STATON: Something to do when the ideas run dry
I feel certain many homes have about run out of ideas for things for their kids to do during the coronavirus pandemic.
School has been out for a month now, and I would like to suggest something that could be beneficial for the young and the elderly.
Usually after someone has died, the survivors wish they had asked more questions about their lives. It does not even have to be a relative to make one wish they had asked more.
My daughter Shanda told me she wished she had talked to Irene Woosley more and asked what she might know about Kiddville and about her grandparents. Irene lived to be 101 years old and was the oldest living person who attended church at Kiddville.
Irene’s memory was amazing even up to her last days. Not only her memory was great, but her wit was also. She often joked that all her friends probably thought she had died and gone to hell since she had not made it to heaven yet. She loved talking about old times to others. She was a good storyteller. Unfortunately her wisdom is now gone.
Most older people love to bring back old memories and feel honored when asked. I want to suggest that a young person call the oldest person they know and talk to them. Make a list of 12 questions they would like to know.
Here are some examples of questions they may ask:
What is your earliest memory?
How many years did you go to school?
Did you graduate from high school?
How old were you when your parents died?
What was your best childhood memory?
Did you like going to school? If they say no, ask why?
Did you have to work much at home?
How many were in your family?
Did you always live in Clark County?
Will you tell me what a Saturday was like at your house.
Where did your family originate?
How old were you when you got married?
Do you go to church? Did you get lots of spankings?
What did you and your siblings do for fun?
Do you know how to swim?
Where did you go swimming as a child?
The questions are endless. That is just a few they could get started on. The young person may check to see when would be good time for the interview to take place by calling first and setting up an interview time.
Samuel Langley said, “Knowledge begins with wondering. Set a child to wondering and you have put him on a road to understanding.”
Some kids may think their grandparents are odd or very different, but interviewing them may help them understand them more.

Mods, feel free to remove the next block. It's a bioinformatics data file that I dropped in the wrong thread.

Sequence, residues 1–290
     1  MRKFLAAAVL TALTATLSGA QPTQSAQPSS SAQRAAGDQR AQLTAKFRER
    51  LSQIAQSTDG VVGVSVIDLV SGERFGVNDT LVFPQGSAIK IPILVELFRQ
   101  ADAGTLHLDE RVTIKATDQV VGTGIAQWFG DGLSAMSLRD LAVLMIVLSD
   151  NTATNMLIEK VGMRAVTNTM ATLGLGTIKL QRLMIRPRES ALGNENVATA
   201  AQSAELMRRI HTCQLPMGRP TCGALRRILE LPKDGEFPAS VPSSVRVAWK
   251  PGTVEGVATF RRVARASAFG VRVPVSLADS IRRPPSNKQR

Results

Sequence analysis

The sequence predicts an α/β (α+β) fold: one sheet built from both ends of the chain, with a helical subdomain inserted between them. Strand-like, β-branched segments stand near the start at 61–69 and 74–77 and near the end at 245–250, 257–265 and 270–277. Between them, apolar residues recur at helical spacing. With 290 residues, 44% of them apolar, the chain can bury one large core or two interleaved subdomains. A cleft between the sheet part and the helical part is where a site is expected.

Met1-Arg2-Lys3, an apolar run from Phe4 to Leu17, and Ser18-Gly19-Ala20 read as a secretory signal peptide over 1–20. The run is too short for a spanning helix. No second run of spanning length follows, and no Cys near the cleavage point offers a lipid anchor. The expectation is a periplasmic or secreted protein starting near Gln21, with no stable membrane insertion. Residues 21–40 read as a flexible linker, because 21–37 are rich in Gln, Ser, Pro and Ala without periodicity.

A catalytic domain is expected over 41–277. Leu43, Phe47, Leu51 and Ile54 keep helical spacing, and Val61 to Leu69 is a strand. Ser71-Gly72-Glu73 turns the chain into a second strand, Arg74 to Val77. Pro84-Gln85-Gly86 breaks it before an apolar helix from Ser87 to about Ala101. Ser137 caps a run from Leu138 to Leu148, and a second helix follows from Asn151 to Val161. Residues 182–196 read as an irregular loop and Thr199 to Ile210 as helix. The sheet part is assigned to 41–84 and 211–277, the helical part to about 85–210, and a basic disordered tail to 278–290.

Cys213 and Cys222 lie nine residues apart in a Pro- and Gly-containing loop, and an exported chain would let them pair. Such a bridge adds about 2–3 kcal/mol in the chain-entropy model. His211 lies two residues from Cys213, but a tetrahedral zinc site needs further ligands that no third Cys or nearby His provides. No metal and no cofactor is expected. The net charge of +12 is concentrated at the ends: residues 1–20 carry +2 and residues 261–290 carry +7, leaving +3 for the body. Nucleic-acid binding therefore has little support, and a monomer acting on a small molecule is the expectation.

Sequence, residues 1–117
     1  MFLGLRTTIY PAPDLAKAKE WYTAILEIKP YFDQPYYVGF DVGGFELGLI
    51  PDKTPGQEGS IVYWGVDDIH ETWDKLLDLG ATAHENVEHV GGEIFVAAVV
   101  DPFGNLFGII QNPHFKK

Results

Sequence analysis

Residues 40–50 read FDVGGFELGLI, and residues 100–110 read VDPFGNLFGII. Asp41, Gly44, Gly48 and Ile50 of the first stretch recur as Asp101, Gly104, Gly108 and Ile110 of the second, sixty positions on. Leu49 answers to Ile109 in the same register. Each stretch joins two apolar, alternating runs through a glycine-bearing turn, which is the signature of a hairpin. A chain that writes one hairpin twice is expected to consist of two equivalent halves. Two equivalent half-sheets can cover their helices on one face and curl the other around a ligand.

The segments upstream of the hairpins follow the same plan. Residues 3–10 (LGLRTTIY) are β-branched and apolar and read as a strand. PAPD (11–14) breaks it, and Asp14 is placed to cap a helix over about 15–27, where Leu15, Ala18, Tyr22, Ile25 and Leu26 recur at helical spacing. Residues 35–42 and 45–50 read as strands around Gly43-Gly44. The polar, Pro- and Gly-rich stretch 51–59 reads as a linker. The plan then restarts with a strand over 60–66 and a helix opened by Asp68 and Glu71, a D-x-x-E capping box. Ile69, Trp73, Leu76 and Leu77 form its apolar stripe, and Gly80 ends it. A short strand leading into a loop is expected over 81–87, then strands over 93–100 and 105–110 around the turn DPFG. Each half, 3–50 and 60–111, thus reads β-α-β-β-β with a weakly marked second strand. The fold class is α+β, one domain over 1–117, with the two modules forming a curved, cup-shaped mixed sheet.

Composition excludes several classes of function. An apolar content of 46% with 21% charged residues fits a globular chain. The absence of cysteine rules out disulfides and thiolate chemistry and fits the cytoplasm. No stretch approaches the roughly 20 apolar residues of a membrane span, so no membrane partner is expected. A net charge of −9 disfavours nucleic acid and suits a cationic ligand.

Wilson Milner said, “A good listener is not only popular everywhere, but after awhile he knows something.”
I learned so much as a child by listening to my mom tell about her childhood. I always thought she could make any story so exciting. She could have us laughing our heads off or be too scared to make a move on some stories she would tell us.
My husband Eric said he would sit by his great-grandpa’s side as he rocked in his rocking chair and spit tobacco in a spittoon. Eric said he would talk to him like he was an adult and Eric loved it. His great-grandpa always wore a starched white shirt with khaki pants with suspenders. He said he would tell him about his dad and mom.
I thought to myself what a priceless memory that is, because I never got to know my grandfathers. I can only rely on what my Mom would tell me. It is so important to spend time talking about old times.
Eric also remembered his great-grandpa would make the biggest sugar cookies. He said they would be the size of a small pancake, and said they were so good. He told me his great-grandpa had to do the cooking because his great grandmother had heart trouble and was in bed all the time. Then he told me he remembered her smoking a pipe while she lay in bed. He said they also had an old mean rooster that would run after him and scare him half to death.
Memories are so important. I remember Eric’s dad, Clinton “Dickie” Staton, telling about his workhorse named Ole Tony he used to have to plow the fields. When Dickie spoke of his old workhorse, his eyes would light up. You could tell he loved that old horse.
It was one of the reasons that Dickie had an unusual tic all his life. Where he had plowed for days on end when he was young, he rubbed sores on his shoulder. All the way up until his death, he would move his shoulder as if to adjust the straps of his suspenders. That story helped me as a newcomer in the family understand why he did that.
Later, I wrote a poem about Grandpa and Ole Tony for our grandson, Ryan. I did not want that memory to be lost.
Just recently my granddaughter Stephenie, who is about to finish up her master’s degree in education, called and said one of her requirements was to interview someone in her life, and she chose me. I felt so honored to be her recipient. She was to write a story about me.
They had certain questions to ask. The ones I listed above were just ones I thought would be easy for a child to get started on. You may ask your child what they would like to know about their grandparents. It may be a good suggestion to let them know some may find some questions too painful to speak about.
I think it will be a great experience for the interviewer and the subject. Some grandparents would love to have their grandchild take more interest in them. After all, when they are gone so are the answers.
Sue Staton is a Clark County native who grew up in the Kiddville area. She is a wife, mother and grandmother who is active at First United Methodist Church, and Towne and Country Homemakers.